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Publication #ENH1201

'Strawberry Star' – A Spotted, Fancy-Leaved Caladium for Use in Containers and Landscapes1

Zhanao Deng2

Caladiums are grown in containers and landscapes for their bright, colorful leaves. Commercially available caladium plants are generally produced from tubers. Some existing commercial caladium varieties have attractive colors or coloration patterns but poor container and landscape performance and/or poor tuber yield. 'Marie Moir' is an example of this type of variety (Wilfret and Hurner 1982). Its leaves are very attractive but are few, resulting in poor container and landscape displays that are unsatisfactory for commercial or homeowner acceptance. Additionally, its field production of tubers has been unstable over the years, and caladium growers cannot profitably grow the variety.

'Strawberry Star' is a fancy-leaved variety with a primarily white leaf face and attractive red spots (Figure 1) (Deng and Harbaugh 2011). It is similar to 'Marie Moir' in leaf color and coloration pattern but different from 'Marie Moir' in petiole color (green vs. brown on 'Marie Moir'). Compared to 'Marie Moir', 'Strawberry Star' sprouts earlier, produces high-quality container plants, demonstrates better landscape performance, and yields more tubers. These improvements make 'Strawberry Star' a desirable replacement for 'Marie Moir' and an additional sun-tolerant variety for the landscape plant palette.

Figure 1. 

'Strawberry Star' caladium plants grown in ground beds in full sun


Credit:

Zhanao Deng, University of Florida


[Click thumbnail to enlarge.]

'Strawberry Star' is distinct from 'Cranberry Star', a variety released in 2007 that has burgundy/purple spots on its leaves. 'Strawberry Star' is much improved over 'Cranberry Star' in sunburn tolerance and landscape performance.

Origin

'Strawberry Star' resulted from a cross between 'Summer Rose' and 'Florida Fantasy' and was initially released under the name UF 85-5. 'Summer Rose' was the progeny of 'Aaron' and University of Florida caladium breeding line UF-FCT, which resulted from a cross between 'Fire Chief' and 'Torchy'. 'Florida Fantasy' was the progeny of 'Candidum Junior' and 'Red Frill'. The ancestry of 'Aaron', 'Candidum Junior', 'Fire Chief', 'Red Frill', and 'Torchy' is unknown.

Leaf and tuber characteristics

'Strawberry Star' leaves are heart shaped and have palmate-pinnate venation. The upper leaf surface has a green margin bordering the entire leaf, several green main veins, and numerous secondary green veins, which are netted over the whole leaf blade (Figure 1). Interveinal areas are mostly green-white. Red spots occur between main veins in the range of 10–30 per fully developed leaf. The undersurface has a yellow-green undertone with heavily netted veins of grayed-green. Primary veins are grayed-green at the basal notch and near the tip of the leaf. Spots are grayed-purple and vary in size. The prominent petiole color is yellow-green with streaks of grayed-brown to brown. Jumbo-sized (1.5–2.5 inches in diameter) tubers have multiple segments and bear four to six dominant buds. The tuber surface is brown, and the cortical area is yellow.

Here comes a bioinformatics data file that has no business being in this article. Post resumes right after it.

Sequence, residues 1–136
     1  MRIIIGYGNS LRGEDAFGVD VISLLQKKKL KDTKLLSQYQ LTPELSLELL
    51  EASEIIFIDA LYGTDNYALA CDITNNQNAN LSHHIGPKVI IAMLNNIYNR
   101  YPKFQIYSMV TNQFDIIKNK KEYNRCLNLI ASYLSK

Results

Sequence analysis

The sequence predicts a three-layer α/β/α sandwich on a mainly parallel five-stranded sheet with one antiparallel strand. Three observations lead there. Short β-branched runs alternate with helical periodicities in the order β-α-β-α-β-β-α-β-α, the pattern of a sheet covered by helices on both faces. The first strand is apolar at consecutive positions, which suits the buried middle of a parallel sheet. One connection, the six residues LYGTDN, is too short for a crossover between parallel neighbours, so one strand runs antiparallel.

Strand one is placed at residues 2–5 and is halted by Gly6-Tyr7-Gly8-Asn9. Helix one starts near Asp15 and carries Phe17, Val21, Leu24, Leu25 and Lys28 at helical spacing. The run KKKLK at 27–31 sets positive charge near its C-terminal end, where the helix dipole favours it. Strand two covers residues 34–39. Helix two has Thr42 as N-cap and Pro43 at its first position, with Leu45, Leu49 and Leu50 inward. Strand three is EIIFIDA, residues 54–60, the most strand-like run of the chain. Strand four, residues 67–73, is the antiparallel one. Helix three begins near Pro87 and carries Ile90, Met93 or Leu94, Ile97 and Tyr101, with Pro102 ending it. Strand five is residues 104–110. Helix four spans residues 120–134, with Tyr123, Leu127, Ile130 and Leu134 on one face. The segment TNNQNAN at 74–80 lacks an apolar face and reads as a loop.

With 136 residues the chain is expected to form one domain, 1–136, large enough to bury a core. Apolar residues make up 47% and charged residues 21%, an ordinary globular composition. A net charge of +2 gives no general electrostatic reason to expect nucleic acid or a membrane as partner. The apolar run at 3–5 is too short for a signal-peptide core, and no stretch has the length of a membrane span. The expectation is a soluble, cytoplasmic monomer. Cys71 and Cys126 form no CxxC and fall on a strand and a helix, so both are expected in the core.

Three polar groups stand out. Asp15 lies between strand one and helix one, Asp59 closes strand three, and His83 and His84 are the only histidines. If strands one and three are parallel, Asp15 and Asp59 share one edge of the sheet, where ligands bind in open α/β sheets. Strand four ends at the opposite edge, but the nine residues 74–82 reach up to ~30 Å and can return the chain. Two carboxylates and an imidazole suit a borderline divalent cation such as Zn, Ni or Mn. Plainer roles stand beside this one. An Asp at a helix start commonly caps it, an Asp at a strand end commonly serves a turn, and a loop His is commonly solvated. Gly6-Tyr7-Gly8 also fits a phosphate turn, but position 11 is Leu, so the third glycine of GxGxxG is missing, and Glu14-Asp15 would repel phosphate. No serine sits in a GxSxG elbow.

Tuber production

'Strawberry Star' was evaluated for tuber production under the field conditions at the Gulf Coast Research and Education Center in Wimauma, Florida, in 2005 and 2006. The soil is EauGallie fine sand with about 1% organic matter and a pH between 6.2 and 7.4. Plants were grown in a plastic-mulched, raised-bed system with a constant water table maintained through seepage irrigation. On February 25, 2005, ground beds were fumigated with a mixture of 67% methyl bromide and 33% chloropicrin (by volume) at the rate of 350 pounds per acre. The raised beds were 32 inches wide and 8 inches high. Caladium seed pieces (cut tuber propagules ~1 inch x ~1 inch x ~1 inch) were planted in early to mid-April with 6 inches in-row and between-row spacing. Osmocote®, a controlled-release fertilizer (18-9-12, 8–9 months), was manually applied to the bed surface at the rate of 300 pounds of nitrogen (N) per acre when caladium shoot tips were emerging from the soil. Tubers (new crop) were harvested in late November 2005. Harvested tubers were washed, dried, weighed, counted, and graded. Tuber grading was by maximum diameter: No. 2 (1–1.5 inches), No. 1 (1.5–2.5 inches), Jumbo (2.5–3.5 inches), Mammoth (3.5–4.5 inches), and Super Mammoth (> 4.5 inches). Tuber counts and grades were converted into a production index (PI) to show the relative economic value of the harvested tubers per experimental plot: PI = n (No. 2) + 2n (No. 1) + 4n (Jumbo) + 6n (Mammoth) + 8n (Super Mammoth), where n is the number of tubers in each grade. The same cultural practices were used in 2006, except that the beds were fumigated on March 10, 2006, with the same fumigant mixture but at the rate of 175 pounds per acre, and tubers were harvested in mid-December 2006.

In both 2005 and 2006, 13-square-foot field plots were organized in three randomized complete blocks, each with 30 plants. Three commercial varieties, 'Candidum', 'Marie Moir', and 'Miss Muffet', were included in the experiment for comparison. 'Candidum' is the No. 1 or No. 2 best-selling caladium variety (Bell, Wilfret, and DeVoll 1998; Deng et al. 2008) and shares a similar coloration pattern (without the spots) with 'Strawberry Star.' As mentioned previously, 'Marie Moir' is the closest to 'Strawberry Star' in leaf coloration among commercial varieties. 'Miss Muffet' was included because it is a popular spotted variety.